The soundtrack of Dhoom 2 was recorded at YRF Studios. The music was composed by Pritam with background score by Salim-Sulaiman. The lyrics were penned by Sameer except "Dhoom Again" by Asif Ali Beg and "Crazy Kiya Re — Remix" was remixed by Bunty Rajput. Although most of the song's lyrics are primarily written in Hindi with some English, "Dhoom Again" is almost entirely in English. The soundtrack pulled average reviews from critics but higher praise from the public. It became the best selling Bollywood soundtrack of the year.
All music composed by Pritam.
|Dhoom 2: The Official Motion Picture Soundtrack|
|1.||"Crazy Kiya Re"||Sunidhi Chauhan||04:54|
|2.||"Touch Me"||KK, Alisha Chinai||05:17|
|3.||"My Name Is Ali"||Sonu Nigam, Bipasha Basu||04:34|
|4.||"Dil Laga Na"||Sukhbir, Soham Chakraborty, Jolly Mukherjee, Mahalakshmi Iyer, Suzanne D'Mello||05:04|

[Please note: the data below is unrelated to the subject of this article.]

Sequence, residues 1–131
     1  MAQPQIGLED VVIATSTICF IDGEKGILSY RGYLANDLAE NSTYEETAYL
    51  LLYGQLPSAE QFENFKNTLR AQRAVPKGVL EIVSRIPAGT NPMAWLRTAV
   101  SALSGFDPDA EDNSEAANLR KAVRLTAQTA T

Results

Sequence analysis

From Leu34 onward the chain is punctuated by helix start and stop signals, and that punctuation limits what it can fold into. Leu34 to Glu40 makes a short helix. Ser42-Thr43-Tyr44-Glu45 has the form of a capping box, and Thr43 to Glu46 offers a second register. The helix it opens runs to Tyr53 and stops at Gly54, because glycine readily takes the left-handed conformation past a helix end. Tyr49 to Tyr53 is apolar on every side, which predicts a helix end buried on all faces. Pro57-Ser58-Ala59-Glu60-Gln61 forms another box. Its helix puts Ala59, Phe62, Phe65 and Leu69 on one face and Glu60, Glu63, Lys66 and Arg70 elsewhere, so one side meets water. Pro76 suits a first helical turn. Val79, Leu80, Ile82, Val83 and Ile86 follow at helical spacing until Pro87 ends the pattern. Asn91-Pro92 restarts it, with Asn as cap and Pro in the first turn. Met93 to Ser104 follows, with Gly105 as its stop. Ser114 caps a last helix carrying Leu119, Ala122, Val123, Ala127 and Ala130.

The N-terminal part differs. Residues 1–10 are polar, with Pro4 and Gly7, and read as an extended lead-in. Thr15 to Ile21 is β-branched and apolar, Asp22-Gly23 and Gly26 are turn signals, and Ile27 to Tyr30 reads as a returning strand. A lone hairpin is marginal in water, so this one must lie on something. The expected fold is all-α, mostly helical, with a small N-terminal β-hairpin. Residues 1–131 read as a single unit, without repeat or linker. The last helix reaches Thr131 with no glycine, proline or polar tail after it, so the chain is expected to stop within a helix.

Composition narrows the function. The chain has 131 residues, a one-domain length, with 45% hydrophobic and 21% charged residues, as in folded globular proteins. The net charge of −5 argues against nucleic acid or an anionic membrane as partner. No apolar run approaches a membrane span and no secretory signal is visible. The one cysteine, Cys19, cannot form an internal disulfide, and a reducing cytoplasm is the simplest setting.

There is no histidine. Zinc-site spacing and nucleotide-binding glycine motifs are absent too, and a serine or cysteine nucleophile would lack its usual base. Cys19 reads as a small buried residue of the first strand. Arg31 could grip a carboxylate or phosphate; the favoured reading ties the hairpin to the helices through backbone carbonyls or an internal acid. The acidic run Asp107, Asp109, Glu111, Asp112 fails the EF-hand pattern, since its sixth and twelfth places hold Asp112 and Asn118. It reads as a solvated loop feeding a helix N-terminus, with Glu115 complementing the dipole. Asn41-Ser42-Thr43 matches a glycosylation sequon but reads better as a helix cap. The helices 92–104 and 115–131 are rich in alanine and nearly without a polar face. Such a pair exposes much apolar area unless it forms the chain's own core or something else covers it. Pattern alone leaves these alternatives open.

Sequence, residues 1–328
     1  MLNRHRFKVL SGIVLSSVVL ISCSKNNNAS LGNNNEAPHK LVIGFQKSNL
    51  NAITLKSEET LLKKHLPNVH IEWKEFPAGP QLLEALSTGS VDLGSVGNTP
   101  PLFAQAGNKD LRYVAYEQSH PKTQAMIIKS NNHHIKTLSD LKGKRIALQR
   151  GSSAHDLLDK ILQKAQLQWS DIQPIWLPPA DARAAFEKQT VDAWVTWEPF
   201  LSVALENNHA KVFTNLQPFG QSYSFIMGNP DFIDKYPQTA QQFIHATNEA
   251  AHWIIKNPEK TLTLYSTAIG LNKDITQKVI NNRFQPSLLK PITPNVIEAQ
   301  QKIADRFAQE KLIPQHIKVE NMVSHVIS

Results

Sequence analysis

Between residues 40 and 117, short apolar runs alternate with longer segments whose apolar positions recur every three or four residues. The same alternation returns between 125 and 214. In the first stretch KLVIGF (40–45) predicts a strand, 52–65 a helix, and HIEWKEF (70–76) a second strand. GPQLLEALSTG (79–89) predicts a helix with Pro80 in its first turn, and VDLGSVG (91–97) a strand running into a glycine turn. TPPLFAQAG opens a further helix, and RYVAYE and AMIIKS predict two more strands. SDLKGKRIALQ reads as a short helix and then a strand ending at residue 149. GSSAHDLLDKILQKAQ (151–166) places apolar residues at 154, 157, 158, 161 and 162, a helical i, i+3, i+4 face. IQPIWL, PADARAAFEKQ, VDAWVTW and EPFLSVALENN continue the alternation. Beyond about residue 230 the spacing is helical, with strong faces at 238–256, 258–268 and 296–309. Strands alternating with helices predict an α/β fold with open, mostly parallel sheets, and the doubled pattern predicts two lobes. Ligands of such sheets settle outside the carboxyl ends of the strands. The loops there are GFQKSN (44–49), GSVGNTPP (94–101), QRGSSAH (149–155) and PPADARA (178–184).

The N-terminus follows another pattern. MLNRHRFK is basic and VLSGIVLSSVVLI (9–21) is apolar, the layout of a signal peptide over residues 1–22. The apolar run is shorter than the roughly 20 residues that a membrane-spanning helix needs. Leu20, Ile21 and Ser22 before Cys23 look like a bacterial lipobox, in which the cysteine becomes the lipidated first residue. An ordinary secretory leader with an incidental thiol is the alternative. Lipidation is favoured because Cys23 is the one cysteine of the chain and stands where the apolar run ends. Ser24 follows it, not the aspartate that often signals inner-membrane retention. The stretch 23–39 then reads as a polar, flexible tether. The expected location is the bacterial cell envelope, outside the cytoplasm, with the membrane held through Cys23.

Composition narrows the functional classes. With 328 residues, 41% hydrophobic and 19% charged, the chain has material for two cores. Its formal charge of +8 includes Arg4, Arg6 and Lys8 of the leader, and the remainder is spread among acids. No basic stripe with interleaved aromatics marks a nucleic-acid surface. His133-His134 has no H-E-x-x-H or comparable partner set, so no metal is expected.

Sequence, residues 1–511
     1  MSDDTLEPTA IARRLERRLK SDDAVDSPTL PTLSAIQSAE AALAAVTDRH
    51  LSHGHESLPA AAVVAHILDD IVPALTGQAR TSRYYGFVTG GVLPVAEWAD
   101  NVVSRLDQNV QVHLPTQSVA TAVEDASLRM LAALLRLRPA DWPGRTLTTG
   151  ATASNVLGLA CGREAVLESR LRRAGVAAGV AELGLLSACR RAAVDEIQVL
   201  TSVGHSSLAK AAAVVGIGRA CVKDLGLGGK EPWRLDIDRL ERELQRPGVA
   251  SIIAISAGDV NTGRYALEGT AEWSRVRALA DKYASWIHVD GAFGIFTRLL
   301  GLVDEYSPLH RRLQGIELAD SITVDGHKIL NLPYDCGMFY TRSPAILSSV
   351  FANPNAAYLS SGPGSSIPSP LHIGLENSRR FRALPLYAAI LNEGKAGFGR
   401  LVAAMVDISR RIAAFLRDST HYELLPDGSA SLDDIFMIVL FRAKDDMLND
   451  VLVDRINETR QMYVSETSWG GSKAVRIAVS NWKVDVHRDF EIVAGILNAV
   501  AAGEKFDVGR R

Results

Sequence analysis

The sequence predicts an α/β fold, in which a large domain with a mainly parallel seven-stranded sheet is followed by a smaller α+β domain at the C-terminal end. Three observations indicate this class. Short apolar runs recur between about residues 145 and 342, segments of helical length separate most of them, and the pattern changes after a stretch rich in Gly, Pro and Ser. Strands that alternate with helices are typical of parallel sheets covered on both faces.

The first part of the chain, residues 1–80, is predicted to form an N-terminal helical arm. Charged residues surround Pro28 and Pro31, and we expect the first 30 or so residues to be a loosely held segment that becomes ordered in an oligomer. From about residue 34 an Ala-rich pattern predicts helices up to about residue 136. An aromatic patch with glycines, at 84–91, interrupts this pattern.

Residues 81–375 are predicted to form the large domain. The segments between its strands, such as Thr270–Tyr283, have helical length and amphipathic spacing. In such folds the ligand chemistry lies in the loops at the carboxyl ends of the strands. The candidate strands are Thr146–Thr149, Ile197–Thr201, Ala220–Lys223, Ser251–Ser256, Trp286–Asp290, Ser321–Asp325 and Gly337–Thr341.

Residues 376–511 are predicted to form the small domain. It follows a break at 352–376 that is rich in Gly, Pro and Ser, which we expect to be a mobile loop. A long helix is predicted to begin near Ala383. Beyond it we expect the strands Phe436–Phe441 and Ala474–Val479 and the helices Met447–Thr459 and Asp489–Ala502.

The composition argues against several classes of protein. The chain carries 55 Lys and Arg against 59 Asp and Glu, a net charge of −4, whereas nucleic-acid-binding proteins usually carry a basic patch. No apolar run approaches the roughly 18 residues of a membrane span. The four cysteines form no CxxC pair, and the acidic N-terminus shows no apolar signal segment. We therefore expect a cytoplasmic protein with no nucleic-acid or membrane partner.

|5.||"Dhoom Again"||Vishal Dadlani, Dominique Cerejo||05:02|
|6.||"Crazy Kiya Re — Remix"||Sunidhi Chauhan||03:57|
Dhoom 2 was released on 24 November 2006 in India, where it received the widest release in Indian cinema history at the time with over 1800 prints, including 250 digital copies. Some locations raised ticket prices for the film.
It was promoted with several tie-ins. Coca-Cola promoted the film as "Coke Uthale, Dhoom Machale". India's video game producing company FXLabs developed a game based on the film. Pepe Jeans sold Dhoom 2-related garments, including shirts, jeans, bandannas, caps, and metal accessories. Chetan Shah, the country head of Pepe Jeans London, stated: "Pepe Jeans is tremendously excited to be associated with the most awaited movie of the year Dhoom:2. The incredible starcast of Hrithik Roshan, Aishwarya Rai, Abhishek Bachchan, Bipasha Basu and Uday Chopra and the exciting and explosive content of the movie encapsulates everything that the Pepe Jeans brand stands for- young, cool, trendy, hip, fashionable and innovative.